Local stabilization of cardiac wall motion is critically important for achieving accurate anastomoses . The heart can be appropriately positioned by pulling on multiple or single DPS, placed in the posterior pericardium [1, 2]. During DPS stitching, great caution should be taken to avoid serious bleeding. Although this complication seems rare because, to our best knowledge, only four case reports have been published [3,4,5,6], DPS may cause life-threatening bleeding. In one out of the four published cases, the patient died because of aortic injury . In the remaining three cases, all authors suggested the preoperative administration of tissue plasminogen activator, the postoperative administration of low molecular weight heparin, and the postoperative administration of double antiplatelet agents presumably increased the bleeding [4,5,6]. In contrast, in our two cases, no agents relating to coagulation cascade or platelet function, except a low dose of aspirin or preoperative heparin infusion, were administered. When we detected bleeding, activated clotting time, platelet count, and fibrinogen level were 104 s, 8.2 × 104/μL, and 242 mg/dL in case 1, and 110 s, 8.0 × 104/μL, and 359 mg/dL in case 2, respectively. The present cases suggest that DPS can cause serious bleeding complication, even in the absence of aggressive medication for fibrinolysis, anticoagulation, or antiplatelet aggregation.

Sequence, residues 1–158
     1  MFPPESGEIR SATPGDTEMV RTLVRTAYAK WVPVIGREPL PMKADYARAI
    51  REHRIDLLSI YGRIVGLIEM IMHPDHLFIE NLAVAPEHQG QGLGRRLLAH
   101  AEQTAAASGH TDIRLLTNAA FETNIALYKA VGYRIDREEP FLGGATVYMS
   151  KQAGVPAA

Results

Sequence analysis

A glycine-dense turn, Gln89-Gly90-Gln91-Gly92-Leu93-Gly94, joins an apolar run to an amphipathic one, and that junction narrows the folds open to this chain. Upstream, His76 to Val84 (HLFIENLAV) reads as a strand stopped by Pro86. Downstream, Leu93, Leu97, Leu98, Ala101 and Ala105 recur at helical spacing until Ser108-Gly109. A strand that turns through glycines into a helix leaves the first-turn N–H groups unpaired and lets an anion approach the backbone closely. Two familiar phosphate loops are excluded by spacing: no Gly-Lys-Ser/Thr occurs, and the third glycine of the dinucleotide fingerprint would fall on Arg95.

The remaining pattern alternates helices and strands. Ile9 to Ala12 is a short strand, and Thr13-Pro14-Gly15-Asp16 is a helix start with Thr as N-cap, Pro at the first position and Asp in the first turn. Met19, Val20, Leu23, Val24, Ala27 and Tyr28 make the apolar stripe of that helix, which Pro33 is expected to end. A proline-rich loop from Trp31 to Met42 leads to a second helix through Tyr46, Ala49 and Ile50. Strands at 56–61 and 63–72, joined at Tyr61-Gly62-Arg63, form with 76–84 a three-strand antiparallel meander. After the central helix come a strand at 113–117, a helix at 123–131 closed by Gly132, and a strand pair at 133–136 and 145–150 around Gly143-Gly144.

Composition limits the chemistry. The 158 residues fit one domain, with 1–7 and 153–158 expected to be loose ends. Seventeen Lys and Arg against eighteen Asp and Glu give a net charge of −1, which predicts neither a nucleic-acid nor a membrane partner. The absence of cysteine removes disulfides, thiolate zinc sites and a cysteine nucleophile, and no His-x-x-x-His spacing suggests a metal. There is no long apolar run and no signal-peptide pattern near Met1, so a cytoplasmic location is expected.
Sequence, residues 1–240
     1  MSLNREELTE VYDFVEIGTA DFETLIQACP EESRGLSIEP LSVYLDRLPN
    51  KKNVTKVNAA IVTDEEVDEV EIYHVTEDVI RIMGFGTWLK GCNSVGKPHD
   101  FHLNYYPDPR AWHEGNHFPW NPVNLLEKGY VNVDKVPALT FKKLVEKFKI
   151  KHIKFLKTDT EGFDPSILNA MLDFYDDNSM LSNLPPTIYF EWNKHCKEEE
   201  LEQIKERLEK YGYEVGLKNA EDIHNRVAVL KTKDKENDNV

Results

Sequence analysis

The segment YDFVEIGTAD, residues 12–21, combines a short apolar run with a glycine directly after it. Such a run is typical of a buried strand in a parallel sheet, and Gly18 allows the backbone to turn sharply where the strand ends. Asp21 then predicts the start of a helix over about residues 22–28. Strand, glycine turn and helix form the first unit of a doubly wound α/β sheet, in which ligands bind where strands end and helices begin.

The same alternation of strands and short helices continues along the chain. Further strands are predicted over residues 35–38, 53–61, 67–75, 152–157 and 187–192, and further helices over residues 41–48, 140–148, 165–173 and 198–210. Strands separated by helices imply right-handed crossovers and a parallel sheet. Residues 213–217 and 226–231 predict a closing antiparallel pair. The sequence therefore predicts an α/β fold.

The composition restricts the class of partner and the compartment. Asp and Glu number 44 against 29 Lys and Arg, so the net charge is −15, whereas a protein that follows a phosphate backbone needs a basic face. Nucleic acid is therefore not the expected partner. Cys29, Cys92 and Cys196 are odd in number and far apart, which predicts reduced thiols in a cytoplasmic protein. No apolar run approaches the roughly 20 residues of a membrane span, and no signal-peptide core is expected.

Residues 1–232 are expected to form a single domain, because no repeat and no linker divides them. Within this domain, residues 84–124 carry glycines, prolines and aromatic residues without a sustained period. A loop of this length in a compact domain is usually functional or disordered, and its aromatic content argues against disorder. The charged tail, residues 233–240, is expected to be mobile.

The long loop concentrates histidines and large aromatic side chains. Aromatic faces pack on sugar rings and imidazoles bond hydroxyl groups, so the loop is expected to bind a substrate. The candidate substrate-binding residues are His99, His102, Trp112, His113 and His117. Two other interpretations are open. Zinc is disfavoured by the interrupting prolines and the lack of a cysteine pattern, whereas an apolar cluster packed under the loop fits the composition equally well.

Zamvar et al. mentioned that sufficient deflation of the lung before DPS created more room for surgeons to avoid the lung injuries . While complete deflation of the lung was performed in these two cases to prevent injury to organs or tissues adjacent to the pericardium, injuries could not be avoided. Based on this, we have to keep in mind that lung deflation is not a fail-safe means of preventing organ or tissue injuries.
TEE was a useful tool for detecting bleeding complications in the thorax, pericardium, and para-aortic space [4,5,6]. Intrathoracic fluid or blood accumulation is often encountered during cardiac surgery and is easily visualized using TEE with the counterclockwise rotation of the probe from the mid-esophageal four-chamber view, considering the left-sided accumulation in a patient in a supine position. Typically, fluid or blood accumulates in the dorsal and caudal portion of the pleural space, i.e., at the bottom of the left thorax beside the descending aorta . In contrast to this, hematomas due to vessel injury by DPS are localized at the bottom of the left-sided thorax as well as, to a certain extent, in the field adjacent to the injury site. Therefore, presence of the latter is typical of this DPS complication. Indeed, we detected numerous hematomas, including a giant one at the bottom of the thorax in both cases. The area surrounding the LLPV immediately behind the pericardium in case 1 and the wide area along with the diaphragm in case 2 are notable examples for the localization of the injury site. The previous reports identified the aorta, pulmonary veins, esophagus, and lung as organs susceptible to injuries by DPS [3,4,5,6]. Our case 2 suggested that the diaphragm also requires attention during DPS stitching.